One of the BAU agents said that Demeter seemed to be proud of his use of these techniques and appeared to be surprised when the two agents expressed astonishment and criticism of this approach. The BAU agent said that she told Demeter that he and the other agent who used these techniques should have no further contact with AI-Sharabi because they had "lost all credibility" with him.

One BAU agent characterized Demeter's conduct with AI-Sharabi as non-criminal harassment and "nonsense," but she said she did not consider it serious enough to report to the FBI chain of command on GTMO. The other BAU agent said that she later told her supervisor in the United States about the incident. She said her supervisor was shocked, but that she did not know whether anything was done about it.

Demeter's supervisor at GTMO told the OIG he did not recall hearing about Demeter's use of these techniques. However, he said sometimes the interrogator "reaches the limit" and wants to place the detainee in an uncomfortable situation. He also stated that an appropriate strategy is to make it look to others that the detainee is cooperating, thereby potentially isolating him from his peers and making him more dependent on the interrogators. He said that in the United States, the FBI sometimes uses techniques of this kind.


B. OIG Analysis of the Allegations


1. Analysis of Allegations of "Psychological Torture". AI-Sharabi's claim that he was subjected to "psychological torture" was a reference to his isolation from other detainees. As detailed in Chapter Eight, Section II.F, numerous FBI agents reported observing the use of extended isolation as an interrogation technique at GTMO. Some FBI agents told us that they participated in using this technique, while others said they understood that the FBI should avoid being involved in this interrogation tactic. The FBI interview summaries for AI-Sharbi establish that FBI agents participated in a program to isolate AI-Sharbi from human contact in order to induce him to cooperate.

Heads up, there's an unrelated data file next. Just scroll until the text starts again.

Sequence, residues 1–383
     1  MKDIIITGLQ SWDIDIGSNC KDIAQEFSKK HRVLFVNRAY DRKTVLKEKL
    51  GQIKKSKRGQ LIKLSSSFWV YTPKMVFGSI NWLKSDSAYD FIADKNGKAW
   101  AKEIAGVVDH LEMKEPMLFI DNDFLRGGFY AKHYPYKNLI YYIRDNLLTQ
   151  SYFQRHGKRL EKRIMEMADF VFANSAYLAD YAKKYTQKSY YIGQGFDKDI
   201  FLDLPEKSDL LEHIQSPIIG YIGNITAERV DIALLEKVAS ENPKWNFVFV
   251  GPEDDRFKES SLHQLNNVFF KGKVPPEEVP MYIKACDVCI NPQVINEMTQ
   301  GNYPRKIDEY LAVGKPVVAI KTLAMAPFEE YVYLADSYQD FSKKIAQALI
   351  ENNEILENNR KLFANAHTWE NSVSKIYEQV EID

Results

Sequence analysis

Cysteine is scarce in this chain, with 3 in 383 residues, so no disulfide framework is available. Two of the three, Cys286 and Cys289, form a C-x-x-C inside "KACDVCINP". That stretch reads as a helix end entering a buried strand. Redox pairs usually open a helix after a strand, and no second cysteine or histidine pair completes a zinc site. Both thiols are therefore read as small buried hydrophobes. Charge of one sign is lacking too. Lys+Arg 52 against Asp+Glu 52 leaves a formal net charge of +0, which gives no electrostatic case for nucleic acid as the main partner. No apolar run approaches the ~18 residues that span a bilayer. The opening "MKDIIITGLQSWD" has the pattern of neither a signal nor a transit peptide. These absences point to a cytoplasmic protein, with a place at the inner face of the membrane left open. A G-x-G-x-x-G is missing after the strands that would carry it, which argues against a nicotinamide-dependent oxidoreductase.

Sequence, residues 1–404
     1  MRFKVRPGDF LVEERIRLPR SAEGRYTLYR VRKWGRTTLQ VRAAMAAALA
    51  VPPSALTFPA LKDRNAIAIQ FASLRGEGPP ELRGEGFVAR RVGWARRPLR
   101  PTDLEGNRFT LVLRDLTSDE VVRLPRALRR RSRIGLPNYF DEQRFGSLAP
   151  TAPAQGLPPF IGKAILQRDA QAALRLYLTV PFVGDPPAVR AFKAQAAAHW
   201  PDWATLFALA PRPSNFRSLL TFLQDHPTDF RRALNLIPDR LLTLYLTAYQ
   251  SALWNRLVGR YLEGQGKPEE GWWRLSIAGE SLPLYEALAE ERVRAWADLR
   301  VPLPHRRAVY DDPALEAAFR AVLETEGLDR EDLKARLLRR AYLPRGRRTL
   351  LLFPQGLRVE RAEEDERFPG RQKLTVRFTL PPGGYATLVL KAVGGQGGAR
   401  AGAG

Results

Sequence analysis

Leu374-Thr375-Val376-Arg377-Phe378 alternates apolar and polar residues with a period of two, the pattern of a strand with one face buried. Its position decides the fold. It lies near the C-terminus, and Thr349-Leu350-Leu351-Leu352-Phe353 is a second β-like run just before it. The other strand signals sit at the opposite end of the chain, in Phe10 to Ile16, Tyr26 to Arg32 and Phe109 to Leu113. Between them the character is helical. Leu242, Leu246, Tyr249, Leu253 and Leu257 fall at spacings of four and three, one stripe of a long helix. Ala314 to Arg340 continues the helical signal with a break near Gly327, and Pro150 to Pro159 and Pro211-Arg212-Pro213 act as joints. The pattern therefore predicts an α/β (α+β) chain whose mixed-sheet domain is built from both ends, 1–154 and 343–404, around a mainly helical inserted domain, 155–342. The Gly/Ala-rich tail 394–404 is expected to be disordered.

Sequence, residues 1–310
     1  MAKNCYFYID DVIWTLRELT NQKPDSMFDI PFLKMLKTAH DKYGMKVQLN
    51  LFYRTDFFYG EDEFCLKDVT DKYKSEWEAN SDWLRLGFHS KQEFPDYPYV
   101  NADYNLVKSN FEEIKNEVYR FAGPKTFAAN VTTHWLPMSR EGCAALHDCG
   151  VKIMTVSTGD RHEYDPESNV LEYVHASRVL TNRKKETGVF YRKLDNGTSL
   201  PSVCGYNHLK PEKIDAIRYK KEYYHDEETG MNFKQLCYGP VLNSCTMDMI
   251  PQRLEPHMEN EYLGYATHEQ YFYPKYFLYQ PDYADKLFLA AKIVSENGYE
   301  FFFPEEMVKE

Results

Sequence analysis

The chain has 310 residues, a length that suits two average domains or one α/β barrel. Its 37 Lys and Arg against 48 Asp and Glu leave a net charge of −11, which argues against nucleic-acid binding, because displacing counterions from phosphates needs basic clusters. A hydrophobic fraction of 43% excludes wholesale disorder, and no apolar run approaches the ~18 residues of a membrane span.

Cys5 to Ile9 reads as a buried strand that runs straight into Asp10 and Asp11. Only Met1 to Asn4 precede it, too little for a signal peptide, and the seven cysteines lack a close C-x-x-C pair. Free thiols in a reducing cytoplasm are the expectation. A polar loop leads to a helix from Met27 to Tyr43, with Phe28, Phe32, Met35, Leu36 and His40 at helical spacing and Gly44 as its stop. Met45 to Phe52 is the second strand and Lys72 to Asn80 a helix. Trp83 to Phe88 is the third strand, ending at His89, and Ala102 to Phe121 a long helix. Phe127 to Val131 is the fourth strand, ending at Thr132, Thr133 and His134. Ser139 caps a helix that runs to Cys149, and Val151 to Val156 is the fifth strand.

We believe that under FBI policies prohibiting coercive interview techniques, an FBI agent in the United States would not be permitted to order a prisoner into isolation or prevent him from being returned to the general prison population for a period as long as 2 months solely because the prisoner would not provide information to the agent. The Legal Handbook for Special Agents specifically identifies psychological pressure, isolation, and incommunicado interrogation as circumstances that will tend to undermine the legitimacy and voluntariness of a statement. LHBSA at 7-2.2.

However, it is clear that this practice was fairly widespread at GTMO. Moreover, at least with respect to this technique, many FBI agents at GTMO believed that they could participate in at least some coercive interview practices that might be prohibited in the United States. The FBI policy reiterating that "existing FBI policy with regard to the interrogation of prisoners" continued to apply in the military zones was not issued until May 19, 2004. Under these circumstances, and given that isolation did not involve the use of force or threats, we do not believe that the FBI agents who exploited the isolation of AI-Sharabi committed misconduct. However, we believe that this matter illustrates the inadequacy and lack of clarity in the guidance provided to FBI agents regarding permissible interrogation techniques in the military zones.204

It is not clear whether the lengthy isolation of AI-Sharabi was consistent with military rules. As previously noted, on April 16, 2003, Secretary Rumsfeld explicitly approved the use of isolation as an interrogation technique at GTMO upon a determination of "military necessity" and with prior notice to the Secretary of Defense. Church Report at 139-40. The April 16 DOD Policy cautions that "[t]his technique is not known to have been generally used for interrogation purposes for longer than 30 days," and that some nations may view this technique as inconsistent with the Geneva Convention. AI-Sharabi was isolated for much longer than 30 days. We do not know whether the requisite finding of military necessity was made or whether prior notice was provided to the Secretary of Defense.